Monday, June 6, 2011
From what I've been hearing about it, Asti Hustvedt's new book, Medical Muses, totally intrigues me. She studies the issue of hysteria, the now-defunct disease, and links it to "being a woman in an era that strictly limited female roles:"
"I set out to write a nonhysterical book about hysteria, to ground my work in something real. At first I found it unfathomable that these women really were suffering from the spectacular forms of illness recorded by their doctors, an illness that no longer exists. But now I believe that Blanche, Augustine, and Genevieve were indeed ill. They suffered from chronic debilitating symptoms. To what degree their disease was socially determined and to what degree it was physically determined is impossible to say. If they showed up at a hospital today, suffering from the same symptoms, they would probably be diagnosed with schizophrenia or conversion disorder or bipolar disorder. They would undoubtedly be diagnosed with eating disorders because they had bouts of willful starving and vomiting. However, if these women were alive today, they might not have become ill to begin with and no doubt would suffer from other symptoms."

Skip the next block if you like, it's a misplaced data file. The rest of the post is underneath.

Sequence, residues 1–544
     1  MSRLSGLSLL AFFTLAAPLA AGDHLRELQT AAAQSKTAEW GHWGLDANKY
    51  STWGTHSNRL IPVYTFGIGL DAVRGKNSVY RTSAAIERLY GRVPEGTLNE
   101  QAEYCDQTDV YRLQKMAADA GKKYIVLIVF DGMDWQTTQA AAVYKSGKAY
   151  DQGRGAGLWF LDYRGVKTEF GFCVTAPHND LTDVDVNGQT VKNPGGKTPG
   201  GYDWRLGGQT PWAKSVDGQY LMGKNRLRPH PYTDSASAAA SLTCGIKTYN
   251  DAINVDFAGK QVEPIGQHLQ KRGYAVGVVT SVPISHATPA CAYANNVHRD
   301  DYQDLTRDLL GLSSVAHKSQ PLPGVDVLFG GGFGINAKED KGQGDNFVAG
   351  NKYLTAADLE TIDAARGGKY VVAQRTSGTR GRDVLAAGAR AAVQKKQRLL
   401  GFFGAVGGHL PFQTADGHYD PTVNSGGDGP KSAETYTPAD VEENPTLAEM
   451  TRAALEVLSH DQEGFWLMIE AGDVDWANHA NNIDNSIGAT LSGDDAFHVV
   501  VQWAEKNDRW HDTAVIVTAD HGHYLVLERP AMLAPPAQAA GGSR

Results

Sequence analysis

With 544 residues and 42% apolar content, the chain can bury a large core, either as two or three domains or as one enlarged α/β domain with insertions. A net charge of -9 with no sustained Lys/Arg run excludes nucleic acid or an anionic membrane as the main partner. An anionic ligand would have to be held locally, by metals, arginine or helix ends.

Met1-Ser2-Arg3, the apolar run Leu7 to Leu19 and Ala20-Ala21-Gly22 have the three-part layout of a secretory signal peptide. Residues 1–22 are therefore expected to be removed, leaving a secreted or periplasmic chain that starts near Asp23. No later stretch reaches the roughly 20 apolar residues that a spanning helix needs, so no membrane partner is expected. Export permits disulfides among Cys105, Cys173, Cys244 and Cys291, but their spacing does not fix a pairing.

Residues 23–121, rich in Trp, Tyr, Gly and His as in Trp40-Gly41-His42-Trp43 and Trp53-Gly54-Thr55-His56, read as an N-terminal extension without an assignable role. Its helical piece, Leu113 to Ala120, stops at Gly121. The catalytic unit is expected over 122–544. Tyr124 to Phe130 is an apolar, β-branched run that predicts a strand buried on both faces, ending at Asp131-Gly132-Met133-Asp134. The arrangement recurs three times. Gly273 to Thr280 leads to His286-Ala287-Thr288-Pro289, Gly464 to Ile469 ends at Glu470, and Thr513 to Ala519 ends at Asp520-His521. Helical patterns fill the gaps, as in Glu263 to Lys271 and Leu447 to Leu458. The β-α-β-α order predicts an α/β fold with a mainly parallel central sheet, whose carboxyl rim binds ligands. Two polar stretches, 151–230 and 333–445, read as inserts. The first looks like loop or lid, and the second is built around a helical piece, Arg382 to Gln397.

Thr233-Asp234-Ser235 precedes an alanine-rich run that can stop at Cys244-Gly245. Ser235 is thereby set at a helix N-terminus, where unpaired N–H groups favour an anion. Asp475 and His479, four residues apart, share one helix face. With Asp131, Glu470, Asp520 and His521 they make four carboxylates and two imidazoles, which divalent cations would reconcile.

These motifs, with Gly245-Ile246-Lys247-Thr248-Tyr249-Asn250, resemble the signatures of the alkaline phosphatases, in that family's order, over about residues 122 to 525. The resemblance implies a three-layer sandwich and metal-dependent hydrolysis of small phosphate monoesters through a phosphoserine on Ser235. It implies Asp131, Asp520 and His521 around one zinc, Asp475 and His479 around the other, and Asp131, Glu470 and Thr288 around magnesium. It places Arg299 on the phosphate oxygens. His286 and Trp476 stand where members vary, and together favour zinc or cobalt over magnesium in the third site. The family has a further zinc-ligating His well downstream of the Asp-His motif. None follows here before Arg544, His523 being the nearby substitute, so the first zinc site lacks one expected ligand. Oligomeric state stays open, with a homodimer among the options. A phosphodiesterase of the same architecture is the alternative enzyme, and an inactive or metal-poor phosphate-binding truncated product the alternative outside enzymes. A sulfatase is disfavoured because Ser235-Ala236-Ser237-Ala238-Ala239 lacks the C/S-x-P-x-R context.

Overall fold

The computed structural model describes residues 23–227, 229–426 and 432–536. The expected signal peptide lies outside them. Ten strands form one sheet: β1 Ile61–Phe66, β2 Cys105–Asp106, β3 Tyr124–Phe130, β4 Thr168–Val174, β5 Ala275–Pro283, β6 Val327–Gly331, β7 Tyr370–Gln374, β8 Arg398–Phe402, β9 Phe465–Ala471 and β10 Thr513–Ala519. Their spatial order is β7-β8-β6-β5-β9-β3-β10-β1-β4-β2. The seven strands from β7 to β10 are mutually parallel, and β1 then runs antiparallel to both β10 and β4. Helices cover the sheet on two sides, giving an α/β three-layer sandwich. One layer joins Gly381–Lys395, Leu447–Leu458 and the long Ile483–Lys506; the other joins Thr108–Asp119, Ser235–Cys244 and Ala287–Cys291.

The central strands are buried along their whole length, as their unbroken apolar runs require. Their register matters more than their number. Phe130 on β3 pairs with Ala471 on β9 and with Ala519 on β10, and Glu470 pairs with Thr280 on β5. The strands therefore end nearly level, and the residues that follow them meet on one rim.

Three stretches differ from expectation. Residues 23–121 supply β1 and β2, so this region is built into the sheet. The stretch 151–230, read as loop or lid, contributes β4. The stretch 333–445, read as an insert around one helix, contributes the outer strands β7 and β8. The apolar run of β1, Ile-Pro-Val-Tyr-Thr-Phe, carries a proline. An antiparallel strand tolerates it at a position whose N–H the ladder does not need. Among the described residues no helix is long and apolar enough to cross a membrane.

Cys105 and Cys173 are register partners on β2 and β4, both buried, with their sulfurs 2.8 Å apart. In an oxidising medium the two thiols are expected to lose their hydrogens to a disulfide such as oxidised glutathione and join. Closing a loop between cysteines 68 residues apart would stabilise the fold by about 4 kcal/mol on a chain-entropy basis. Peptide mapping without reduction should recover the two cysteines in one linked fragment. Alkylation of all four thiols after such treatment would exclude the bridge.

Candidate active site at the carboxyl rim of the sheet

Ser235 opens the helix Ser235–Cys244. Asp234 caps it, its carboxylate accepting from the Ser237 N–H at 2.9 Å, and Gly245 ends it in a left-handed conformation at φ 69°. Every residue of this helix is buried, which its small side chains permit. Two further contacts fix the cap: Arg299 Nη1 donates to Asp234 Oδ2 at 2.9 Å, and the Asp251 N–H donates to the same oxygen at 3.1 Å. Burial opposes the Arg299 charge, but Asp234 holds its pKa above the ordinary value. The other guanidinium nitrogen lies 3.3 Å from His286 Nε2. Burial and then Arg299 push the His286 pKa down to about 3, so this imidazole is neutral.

Interesting. I also note that Hustvedt's book has been roundly criticized by the chronic fatigue syndrome (CFS) community for asserting that CFS, along with anorexia, bulimia, self-mutilation, and multiple-personality disorder, is among a "crop of bizarre new illnesses" that, like hysteria, "stubbornly resist biological explanation."
Her stance reminds me of a brilliant former women's studies and biology professor of mine who was adamant that there's no such thing as "premenstrual syndrome," and that PMS is a patriarchal social construct. She'd say: "They should call it menstrual syndrome, it would be a lot more accurate."
Such assertions are no doubt threatening, and hard to swallow, if you're pretty damn positive your own lived experiences of things like PMS, CFS, and fibromyalgia are real, painful, and debilitating.